“The only joy I have is the feeling that I’m coming close to my dream” of being yokozuna, the 21-year-old said, the first professional sumo wrestler from either Africa or the Arab world.
With the ring name of “Osunaarashi” (Great Sandstorm), Shaalan — 1.89m and 145kg — has lost only five of his 35 regular matches since his debut in March last year.
After their morning workout, the wrestlers bathe and eat their first meal of the day. As in many areas of Japanese life, the younger wrestlers must wait for the older ones.
The men, aged between 19 and 32, with careers ranging from less than 12 months to 17 years, are served a heavy stew, called chankonabe, as they sit on the floor around a small table in the dining room kitchen.
On the day spent with the stable, the stew was a calorie-packed mix of chicken, vegetables and deep-fried tofu.
“We have been using more chicken since Osunaarashi joined,” the caretaker said, laughing. As a Muslim, Shaalan avoids pork and alcohol.
After lunch, wrestlers not assigned to cook or clean — each person in the stable must take his turn to do chores — are permitted to nap. Shaalan uses the time to pray.
Otake says the life of a sumo wrestler is necessarily one of austerity, all the more so after a turbulent few years that saw one young wrestler — at a different stable — die in a hazing incident.
The stable was established in 1974 when Taiho retired from the ring. He served as stablemaster until retirement in 2004, when he entrusted it to a former high-ranking wrestler who married one of his daughters.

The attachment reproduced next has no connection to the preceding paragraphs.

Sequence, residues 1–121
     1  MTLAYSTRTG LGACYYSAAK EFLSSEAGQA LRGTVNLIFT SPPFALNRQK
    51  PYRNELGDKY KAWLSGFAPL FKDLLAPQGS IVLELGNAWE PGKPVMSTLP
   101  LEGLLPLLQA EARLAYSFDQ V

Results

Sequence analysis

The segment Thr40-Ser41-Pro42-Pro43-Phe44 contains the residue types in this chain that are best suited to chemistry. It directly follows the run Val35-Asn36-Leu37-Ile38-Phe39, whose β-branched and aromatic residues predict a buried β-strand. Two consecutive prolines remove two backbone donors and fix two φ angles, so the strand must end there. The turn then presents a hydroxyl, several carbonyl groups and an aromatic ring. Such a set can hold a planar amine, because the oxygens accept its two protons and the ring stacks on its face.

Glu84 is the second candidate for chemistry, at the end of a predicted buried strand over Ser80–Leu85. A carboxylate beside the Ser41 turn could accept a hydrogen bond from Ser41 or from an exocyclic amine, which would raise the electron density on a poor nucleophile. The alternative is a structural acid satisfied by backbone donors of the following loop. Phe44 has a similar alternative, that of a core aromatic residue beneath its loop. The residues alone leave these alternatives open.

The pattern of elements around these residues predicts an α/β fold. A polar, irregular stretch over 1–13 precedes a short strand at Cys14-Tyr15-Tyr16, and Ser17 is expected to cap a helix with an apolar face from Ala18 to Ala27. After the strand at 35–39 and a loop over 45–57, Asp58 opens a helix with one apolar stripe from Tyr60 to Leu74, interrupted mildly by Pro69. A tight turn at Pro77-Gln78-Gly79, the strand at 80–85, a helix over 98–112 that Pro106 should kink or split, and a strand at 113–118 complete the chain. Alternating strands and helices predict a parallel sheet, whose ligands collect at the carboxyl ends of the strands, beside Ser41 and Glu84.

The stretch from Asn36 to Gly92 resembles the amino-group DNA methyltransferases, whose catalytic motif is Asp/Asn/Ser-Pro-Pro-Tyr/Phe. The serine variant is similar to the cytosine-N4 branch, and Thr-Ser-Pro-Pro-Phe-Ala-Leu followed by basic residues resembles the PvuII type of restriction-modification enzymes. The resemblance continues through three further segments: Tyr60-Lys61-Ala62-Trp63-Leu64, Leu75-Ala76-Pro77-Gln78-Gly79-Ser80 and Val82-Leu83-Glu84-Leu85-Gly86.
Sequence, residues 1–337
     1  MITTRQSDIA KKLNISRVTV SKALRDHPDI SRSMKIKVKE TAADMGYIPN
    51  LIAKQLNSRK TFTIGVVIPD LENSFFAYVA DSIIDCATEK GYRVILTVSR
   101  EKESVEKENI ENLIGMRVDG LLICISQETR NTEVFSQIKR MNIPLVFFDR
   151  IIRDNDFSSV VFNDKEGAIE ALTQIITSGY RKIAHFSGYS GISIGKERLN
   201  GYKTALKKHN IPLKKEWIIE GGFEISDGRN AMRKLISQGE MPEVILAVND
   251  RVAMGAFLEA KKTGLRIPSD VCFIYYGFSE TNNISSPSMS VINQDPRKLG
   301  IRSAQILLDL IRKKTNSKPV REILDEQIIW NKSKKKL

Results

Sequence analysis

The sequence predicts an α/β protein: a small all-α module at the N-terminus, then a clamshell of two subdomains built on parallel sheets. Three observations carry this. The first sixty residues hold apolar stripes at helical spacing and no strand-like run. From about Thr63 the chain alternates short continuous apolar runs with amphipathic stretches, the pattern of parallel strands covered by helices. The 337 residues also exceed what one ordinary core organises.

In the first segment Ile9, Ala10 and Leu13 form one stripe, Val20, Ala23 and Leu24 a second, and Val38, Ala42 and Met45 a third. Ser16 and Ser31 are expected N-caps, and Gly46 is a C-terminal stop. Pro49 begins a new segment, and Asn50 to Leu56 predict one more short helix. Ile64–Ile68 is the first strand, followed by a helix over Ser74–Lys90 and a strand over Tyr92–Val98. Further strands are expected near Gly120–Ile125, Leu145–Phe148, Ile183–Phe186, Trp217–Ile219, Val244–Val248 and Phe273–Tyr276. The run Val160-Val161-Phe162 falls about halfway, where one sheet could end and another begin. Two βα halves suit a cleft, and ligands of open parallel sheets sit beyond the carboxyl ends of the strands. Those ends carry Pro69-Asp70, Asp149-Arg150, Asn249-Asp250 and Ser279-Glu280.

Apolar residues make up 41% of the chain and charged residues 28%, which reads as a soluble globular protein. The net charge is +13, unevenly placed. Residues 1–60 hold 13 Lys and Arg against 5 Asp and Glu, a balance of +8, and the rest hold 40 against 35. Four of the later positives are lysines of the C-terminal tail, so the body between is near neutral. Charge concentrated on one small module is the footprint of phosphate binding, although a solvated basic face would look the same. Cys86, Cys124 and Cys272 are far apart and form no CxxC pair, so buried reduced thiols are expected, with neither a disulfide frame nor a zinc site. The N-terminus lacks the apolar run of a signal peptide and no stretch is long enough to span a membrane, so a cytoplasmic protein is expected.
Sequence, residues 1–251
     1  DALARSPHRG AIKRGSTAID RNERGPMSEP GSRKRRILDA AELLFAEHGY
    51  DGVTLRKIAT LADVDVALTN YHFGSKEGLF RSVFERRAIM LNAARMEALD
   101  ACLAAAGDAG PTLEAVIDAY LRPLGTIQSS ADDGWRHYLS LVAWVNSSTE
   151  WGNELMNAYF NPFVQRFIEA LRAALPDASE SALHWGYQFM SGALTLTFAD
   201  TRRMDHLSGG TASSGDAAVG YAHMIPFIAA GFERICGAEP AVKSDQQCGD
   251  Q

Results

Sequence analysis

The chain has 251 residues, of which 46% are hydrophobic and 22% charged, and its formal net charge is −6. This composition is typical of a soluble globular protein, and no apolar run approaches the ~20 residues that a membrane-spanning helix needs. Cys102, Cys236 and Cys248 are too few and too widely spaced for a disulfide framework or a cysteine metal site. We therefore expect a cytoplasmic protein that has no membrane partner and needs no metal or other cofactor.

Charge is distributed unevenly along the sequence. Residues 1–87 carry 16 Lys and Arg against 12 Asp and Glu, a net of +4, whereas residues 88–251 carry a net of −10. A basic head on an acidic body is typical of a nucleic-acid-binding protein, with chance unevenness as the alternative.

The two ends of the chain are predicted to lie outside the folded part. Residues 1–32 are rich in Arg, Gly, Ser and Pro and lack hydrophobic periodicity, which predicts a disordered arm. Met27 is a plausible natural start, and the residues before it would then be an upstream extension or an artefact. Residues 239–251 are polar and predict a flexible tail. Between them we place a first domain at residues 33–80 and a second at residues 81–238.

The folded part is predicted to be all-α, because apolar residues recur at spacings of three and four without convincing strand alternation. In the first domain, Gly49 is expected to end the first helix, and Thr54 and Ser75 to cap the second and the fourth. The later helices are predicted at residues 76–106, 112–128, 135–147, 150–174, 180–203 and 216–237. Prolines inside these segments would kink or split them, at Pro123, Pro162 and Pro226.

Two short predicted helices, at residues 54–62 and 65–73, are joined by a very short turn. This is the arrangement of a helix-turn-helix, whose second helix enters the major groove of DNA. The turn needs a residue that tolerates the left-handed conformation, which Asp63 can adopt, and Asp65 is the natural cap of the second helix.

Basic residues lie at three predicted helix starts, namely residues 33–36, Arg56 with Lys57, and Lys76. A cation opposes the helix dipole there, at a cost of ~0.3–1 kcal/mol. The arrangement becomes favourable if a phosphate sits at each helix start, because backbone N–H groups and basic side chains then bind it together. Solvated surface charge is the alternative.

Five of the men who passed through the stable made it into the top division, the last of which, a Russian wrestler, quit the sport in disgrace in 2008 after testing positive for marijuana.
Two years later, the then-stable master was discharged after becoming embroiled in a vast scandal involving illegal betting, which snared dozens of sumo wrestlers and elders.
Otake, one of Taiho’s disciples, became the stable’s third master.
“I have traveled across the country to apologize for the misconduct of the past,” he said.
He knows he is carrying a torch for a sport that some say has lost its way.
However, Otake says, sumo has the power to overcome these challenges because it is more than just a sport; it is a way of life.
“Wrestlers used to train themselves just to become strong, but I am telling them to become examples to people as well,” Otake said.